The ethics of “bidding” for Saskatoon real estate

I came across an interesting “Letter to the Editor” in yesterday’s Star Phoenix which I wanted to touch on. The letter was submitted by Maureen Shebelski, a Saskatoon resident and mother.

Maureen’s decrial of the current state of the Saskatoon real estate market is a testimonial to her social conscience and it’s obvious that her concerns are sincere at every level. She points to the challenges and consequences which are inevitable in a market that experiences such rapid and significant change. Rising property taxes and insurance rates, increasing levels of debt, and uncertainty about the future are all things that are on Maureen’s mind right now.

I share many of the concerns which she expressed. I am also a parent, and coincidentally I have one daughter and one son, both young adults, so I’ve spent lots of time considering how this “new Saskatoon” will affect them. I’m also keenly aware that there are many residents in this fine city who will face challenges that will dwarf those that my own kids might experience as a result of this “boom.”

Maureen also takes the opportunity to place a little blame for what’s going on, starting with Premier Lorne Calvert and wrapping up with the real estate industry. She says, “I also blame the real estate industry and its new method of taking bids on houses, instead of taking offers. When my father was in real estate, there were some ethics involved. I don’t see that now.”

This attempt to “blame the real estate industry” and suggest that there is something unethical about “the new method of taking bids” would be easy enough for most to agree with, particularly those who are facing the challenge of buying a home in this market. Ultimately, it demonstrates a lack of understanding as to the role of a “seller’s agent” in the real estate transaction.

Since it is “ethics” which are questioned here, let’s take a look at some of the ethical guidelines which may apply from the Canadian Real Estate Association’s Code of Ethics which all REALTORS® are sworn to uphold.

Article 3 – Primary Duty to Client – A REALTOR® shall protect and promote the interests of his or her client. This primary obligation does not relieve the REALTOR® of the responsibility of dealing fairly with all parties to a transaction (Also appears in provincial statutory legislation in the Saskatchewan Real Estate Commission Bylaws, section 702).

Article 12 – A REALTOR® shall render a skilled and conscientious service, in conformity with the standards of competence which are reasonably expected in the specific real estate disciplines in which the REALTOR® engages.

Article 18 – The business of a REALTOR® shall be conducted in strict accordance with all statutory and regulatory requirements.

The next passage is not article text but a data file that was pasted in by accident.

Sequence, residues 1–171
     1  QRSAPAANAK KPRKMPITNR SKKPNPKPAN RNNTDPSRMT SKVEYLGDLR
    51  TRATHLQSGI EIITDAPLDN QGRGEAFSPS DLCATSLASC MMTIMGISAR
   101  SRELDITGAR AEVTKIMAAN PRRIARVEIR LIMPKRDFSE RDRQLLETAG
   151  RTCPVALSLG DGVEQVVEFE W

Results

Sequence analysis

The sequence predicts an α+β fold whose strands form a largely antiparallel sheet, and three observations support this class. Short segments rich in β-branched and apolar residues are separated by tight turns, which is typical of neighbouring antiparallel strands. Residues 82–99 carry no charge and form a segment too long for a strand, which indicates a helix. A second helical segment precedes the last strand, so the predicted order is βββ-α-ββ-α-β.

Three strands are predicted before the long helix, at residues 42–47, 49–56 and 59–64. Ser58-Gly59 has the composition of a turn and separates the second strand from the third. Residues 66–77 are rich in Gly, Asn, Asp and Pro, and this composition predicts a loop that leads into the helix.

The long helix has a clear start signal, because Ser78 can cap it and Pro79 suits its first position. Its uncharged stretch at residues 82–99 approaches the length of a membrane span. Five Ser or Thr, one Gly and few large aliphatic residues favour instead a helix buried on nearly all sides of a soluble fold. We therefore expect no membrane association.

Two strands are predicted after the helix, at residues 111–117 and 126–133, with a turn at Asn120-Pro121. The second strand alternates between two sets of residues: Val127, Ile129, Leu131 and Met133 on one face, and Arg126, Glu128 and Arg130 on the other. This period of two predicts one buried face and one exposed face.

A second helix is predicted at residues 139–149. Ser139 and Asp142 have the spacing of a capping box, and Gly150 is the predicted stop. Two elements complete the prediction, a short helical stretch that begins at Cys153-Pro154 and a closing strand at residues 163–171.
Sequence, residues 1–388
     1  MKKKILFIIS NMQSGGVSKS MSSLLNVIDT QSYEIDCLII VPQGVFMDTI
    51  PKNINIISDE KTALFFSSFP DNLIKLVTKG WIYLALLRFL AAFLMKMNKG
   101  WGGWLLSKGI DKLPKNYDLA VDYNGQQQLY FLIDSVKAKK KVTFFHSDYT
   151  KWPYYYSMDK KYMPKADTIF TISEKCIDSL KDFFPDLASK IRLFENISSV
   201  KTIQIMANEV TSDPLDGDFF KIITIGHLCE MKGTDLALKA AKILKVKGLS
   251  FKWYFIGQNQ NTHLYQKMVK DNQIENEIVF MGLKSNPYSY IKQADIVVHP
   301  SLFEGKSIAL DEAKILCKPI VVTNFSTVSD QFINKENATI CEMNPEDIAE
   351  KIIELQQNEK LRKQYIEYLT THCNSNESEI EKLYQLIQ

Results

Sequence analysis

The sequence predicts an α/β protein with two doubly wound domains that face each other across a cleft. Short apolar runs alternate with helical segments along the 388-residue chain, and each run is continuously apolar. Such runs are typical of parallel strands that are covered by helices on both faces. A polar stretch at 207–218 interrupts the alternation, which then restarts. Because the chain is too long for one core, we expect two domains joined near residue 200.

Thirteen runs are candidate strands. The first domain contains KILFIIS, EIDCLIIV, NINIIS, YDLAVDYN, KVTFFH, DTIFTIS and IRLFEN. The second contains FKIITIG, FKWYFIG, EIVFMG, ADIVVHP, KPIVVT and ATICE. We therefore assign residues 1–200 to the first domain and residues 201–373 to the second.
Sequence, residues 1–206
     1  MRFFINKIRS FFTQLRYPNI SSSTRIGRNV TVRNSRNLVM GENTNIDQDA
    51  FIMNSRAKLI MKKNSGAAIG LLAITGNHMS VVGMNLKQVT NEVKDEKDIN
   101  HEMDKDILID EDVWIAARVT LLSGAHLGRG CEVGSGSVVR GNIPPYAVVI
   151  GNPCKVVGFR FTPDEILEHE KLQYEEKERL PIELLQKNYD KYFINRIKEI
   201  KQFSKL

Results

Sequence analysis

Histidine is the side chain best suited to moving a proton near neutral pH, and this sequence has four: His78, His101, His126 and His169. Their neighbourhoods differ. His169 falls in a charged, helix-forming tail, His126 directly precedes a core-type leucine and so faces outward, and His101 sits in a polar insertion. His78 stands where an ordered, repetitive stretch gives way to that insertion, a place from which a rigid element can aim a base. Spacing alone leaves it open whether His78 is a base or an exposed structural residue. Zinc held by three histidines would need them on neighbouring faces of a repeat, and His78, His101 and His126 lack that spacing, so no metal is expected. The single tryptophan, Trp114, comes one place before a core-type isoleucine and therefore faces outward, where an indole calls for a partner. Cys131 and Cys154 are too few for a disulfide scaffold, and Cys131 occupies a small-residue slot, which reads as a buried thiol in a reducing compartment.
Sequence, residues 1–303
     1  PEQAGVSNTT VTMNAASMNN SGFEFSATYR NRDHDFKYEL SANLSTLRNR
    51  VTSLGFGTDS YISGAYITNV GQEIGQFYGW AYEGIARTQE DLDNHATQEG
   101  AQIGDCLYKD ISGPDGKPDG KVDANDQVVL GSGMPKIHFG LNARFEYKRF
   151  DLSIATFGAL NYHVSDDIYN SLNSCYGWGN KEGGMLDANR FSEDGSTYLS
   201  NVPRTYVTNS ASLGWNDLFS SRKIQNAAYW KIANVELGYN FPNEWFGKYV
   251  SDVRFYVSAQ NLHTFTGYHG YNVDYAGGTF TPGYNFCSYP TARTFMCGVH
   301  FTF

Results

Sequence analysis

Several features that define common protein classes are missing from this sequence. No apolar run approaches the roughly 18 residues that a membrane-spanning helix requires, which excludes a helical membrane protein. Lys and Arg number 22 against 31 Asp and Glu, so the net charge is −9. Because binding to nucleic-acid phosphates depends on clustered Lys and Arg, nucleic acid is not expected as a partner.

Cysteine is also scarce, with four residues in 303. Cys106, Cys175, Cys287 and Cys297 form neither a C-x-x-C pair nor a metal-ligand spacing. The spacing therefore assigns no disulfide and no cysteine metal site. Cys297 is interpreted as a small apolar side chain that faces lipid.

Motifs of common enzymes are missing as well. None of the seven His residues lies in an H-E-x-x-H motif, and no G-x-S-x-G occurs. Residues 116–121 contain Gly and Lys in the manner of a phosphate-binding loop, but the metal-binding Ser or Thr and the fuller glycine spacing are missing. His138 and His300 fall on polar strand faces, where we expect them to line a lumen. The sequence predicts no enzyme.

Ethics and statutory regulation aside, we have volumes of agency law decisions that define an agent’s obligations to his or her client. Agency law provides a history of expectations that are considered reasonable and holds an agent accountable and liable for damages which result from a failure to act as a fiduciary to the person or persons who have hired them. In its simplest form, the agency relationship is founded on obedience, confidentiality, competence, disclosure, accountability, trust and loyalty.

Finally, the listing agreement used in Saskatchewan binds a seller’s agent to the following promises to his or her client;

  • obey the seller’s instructions on the Exclusive Seller’s Brokerage Contract and all lawful instructions of the seller;
  • represent the seller’s best interests;
  • fully disclose known facts which might influence the seller’s decision;
  • maintain the confidentiality of personal and financial information discussed with the seller even after the Exclusive Seller’s Brokerage Contract expires;
  • safeguard the seller’s documents and money; and
  • exercise reasonable care and diligence.

I expect that most people do understand that multiple offers on a property most likely places the seller in the best possible position to negotiate a favorable price and terms. Given that are bound by a Code of Ethics, statutory law, agency law and our promise in writing to act with complete loyalty to the seller, how is it that we are viewed as “unethical” for making as many prospective buyers as possible aware that a client’s home is for sale? I would suggest that failing to make every effort to deliver the best result for a client would be unethical and unlawful.

Discussions which I’ve had with Al Jacobsen, Registrar of the Saskatchewan Real Estate Commission and with Randy Katzman, a local real estate lawyer suggest that agents who fail to provide adequate exposure for a client’s property could be subject to both the prosecution and civil litigation with potential consequences including large fines, license suspension or cancellation, and damages which might result from that negligence. Personally, I’m not much into any of that.

Every time that a seller’s home is sold without a reasonable level of exposure to the market, a betrayal is committed. Every time an agent brings a seller’s property to the market and provides buyers with reasonable access, a promise is fulfilled. Seller’s benefit and so does the community of Saskatoon real estate buyers.

Please don’t call the Saskatoon real estate community unethical for doing right by its sellers. They pay us a hefty chunk of change for representation and they deserve to get exactly what they’ve paid for; obedience, confidentiality, competence, disclosure, accountability, trust, and loyalty. Acting as one’s agent is an honor and a privilege that should be taken seriously.

I’m always happy to answer your Saskatoon real estate questions. 

Norm Fisher

Royal LePage Vidorra

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